Suzanne Mitchell directs and produces documentary feature films, television series, and cutting-edge content for streaming platforms. Her projects have garnered two Emmys, two Gracie Awards, an Omni Intermedia Award, and a Cine Golden Eagle. Her film Running Wild: The Life of Dayton O. Hyde enjoyed a successful festival run, winning numerous awards, including an Audience Favorite and Best Documentary before its nationwide theatrical release. Running Wild was hailed by the New York Times as "a grand documentary" and by the Village Voice as "inspiring in the best possible way."
Dividing her time between New York and London, Suzanne produced the highly acclaimed Netflix feature The Hatchet Wielding Hitchhiker, docu-series The Most Hated Man on the Internet, and directed the unique crime series for hulu, How I Caught My Killer, along with many true-crime series for Oxygen. In 2021 she was chosen as a series producer for a BBC landmark project on African American Artists. Serving as a co-ep / series producer for Discovery’s Gold Rush, Suzanne oversees a large freelance crew in a remote area of the Canadian Yukon.
Her award-winning feature docs include: Atomic Cover-up, using never-before-seen color and B&W film shot during the immediate aftermath of the bombs dropped on Hiroshima and Nagasaki; Guinea Pig Diaries takes an unfiltered look into the lives of guinea pigs and the people who breed them, show them, and rescue them; and Pratt in the Hat, a portrait of the inimitable Frances Pratt, who, from beneath her hundreds of wide brimmed hats, shares her eight decades’ worth of wisdom and experience as a black woman in America.
Suzanne has collaborated with Academy Award-winning director Barbara Kopple on a variety of films: New Passages, The Presidential Summit, The Hamptons, Woodstock: Now & Then, Force of Nature, filmed in South Sudan and revealing the humanitarian work of philanthropist Ellen Ratner, and Hot Type: 150 Years of TheNation, which took Mitchell to the oil-soaked Gulf Coast, the slums of Haiti, the drought-ravaged West, and the highly contested political races of 2012.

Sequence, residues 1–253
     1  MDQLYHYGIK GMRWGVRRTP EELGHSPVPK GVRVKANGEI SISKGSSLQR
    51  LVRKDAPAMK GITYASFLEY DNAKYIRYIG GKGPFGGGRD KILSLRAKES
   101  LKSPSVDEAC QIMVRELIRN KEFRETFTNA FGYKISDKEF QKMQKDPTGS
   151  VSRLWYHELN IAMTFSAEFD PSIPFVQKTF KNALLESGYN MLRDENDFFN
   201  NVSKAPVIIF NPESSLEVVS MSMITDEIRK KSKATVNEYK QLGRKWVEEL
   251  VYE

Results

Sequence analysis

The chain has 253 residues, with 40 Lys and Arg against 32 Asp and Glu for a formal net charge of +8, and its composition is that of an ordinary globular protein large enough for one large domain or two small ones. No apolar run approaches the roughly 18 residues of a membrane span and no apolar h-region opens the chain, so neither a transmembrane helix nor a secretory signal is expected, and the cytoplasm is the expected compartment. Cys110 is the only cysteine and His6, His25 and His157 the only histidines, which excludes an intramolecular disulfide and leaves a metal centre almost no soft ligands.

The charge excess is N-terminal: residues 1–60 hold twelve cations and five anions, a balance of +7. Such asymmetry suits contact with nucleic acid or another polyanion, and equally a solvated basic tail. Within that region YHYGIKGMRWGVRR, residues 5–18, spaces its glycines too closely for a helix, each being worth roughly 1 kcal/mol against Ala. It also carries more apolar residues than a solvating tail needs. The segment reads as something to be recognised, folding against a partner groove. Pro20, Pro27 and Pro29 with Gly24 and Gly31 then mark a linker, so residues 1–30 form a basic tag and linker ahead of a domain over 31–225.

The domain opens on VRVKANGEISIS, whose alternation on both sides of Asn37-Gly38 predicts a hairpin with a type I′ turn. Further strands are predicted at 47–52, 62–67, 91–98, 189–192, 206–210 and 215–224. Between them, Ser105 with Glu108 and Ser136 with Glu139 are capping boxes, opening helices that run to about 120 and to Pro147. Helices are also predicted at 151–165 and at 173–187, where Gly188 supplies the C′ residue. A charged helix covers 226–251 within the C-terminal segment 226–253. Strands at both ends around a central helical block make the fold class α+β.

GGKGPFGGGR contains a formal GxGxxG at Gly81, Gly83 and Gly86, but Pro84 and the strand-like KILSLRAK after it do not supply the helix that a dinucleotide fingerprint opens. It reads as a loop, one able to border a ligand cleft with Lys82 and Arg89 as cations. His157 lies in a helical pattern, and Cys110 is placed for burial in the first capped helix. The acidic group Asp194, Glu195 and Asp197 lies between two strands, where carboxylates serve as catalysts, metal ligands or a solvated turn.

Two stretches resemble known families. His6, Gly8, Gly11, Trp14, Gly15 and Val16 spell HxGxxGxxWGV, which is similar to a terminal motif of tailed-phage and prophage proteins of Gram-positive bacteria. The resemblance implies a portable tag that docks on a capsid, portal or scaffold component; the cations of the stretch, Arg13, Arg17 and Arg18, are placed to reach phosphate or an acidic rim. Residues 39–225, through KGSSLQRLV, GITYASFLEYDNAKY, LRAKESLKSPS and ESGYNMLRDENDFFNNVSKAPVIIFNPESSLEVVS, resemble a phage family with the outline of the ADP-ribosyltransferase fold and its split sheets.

Mitchell produced two comprehensive historical series -- ABC's The Century and A&E's The Millennium Biography Special, which included exclusive interviews with renowned scientists, technologists, and celebrities. Her work as an independent producer for The Oprah Winfrey Show includes: Martin Luther King Special (2008) and The Freedom Riders Special (2011). Recruited by AT&T to create cutting-edge programs, Mitchell developed, supervised and produced over a hundred episodes of The Hugh Thompson Show, a variety show melding science, technology, art, history and entertainment.
Suzanne’s directing credits include two short films. brickhead EARTH, at Burning Man (2015) following renowned sculpture James Tyler as he sets out to erect an 8,000-pound brick sculpture in one of the harshest environments on earth. ED chronicles a 100-year-old symphony conductor in a meditation on what it means to grow old. Mitchell produced and supervised the outreach and distribution strategy of the feature doc Borderline, an experiential film challenging the stigmatization of the critical mental health issue, borderline personality disorder. Suzanne has served as the filmmaker in residence at the Woods Hole Film Festival and regularly offers guidance to independent filmmakers on DIY distribution.
As the Supervising Producer for HBO's 13-part series docu-drama G-String Divas (2000), Suzanne oversaw the production and budget of this multimillion-dollar project, and followed this with her role as Executive Producer of A&E's extraordinary expose documentary Fatal Fathers, examining the deaths of pregnant women at the hands of their partners. For her six PBS documentaries focused on women, Mitchell was awarded two Gracie Awards and one Emmy.
In 2019 Suzanne secured production on a 6-part series exploring systemic poverty in America where cameras followed. followed young fellows as they traversed the U.S. gathering stories and data for one of the most influential research studies on immobility. Suzanne’s skills as a filmmaker guide her successes in the non-profit sector. Serving as the Board Chair of Rivertown Film, a New York based independent film society, she also founded a thriving 501c3 environmental grassroots organization ROSA4Rockland.